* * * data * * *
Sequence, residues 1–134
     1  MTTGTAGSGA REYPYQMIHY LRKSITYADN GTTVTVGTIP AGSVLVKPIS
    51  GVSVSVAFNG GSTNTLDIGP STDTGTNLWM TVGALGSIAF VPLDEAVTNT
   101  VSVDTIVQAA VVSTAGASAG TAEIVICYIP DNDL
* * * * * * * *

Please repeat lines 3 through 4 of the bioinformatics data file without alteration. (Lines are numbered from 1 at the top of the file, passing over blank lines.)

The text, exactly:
    51  GVSVSVAFNG GSTNTLDIGP STDTGTNLWM TVGALGSIAF VPLDEAVTNT
   101  VSVDTIVQAA VVSTAGASAG TAEIVICYIP DNDL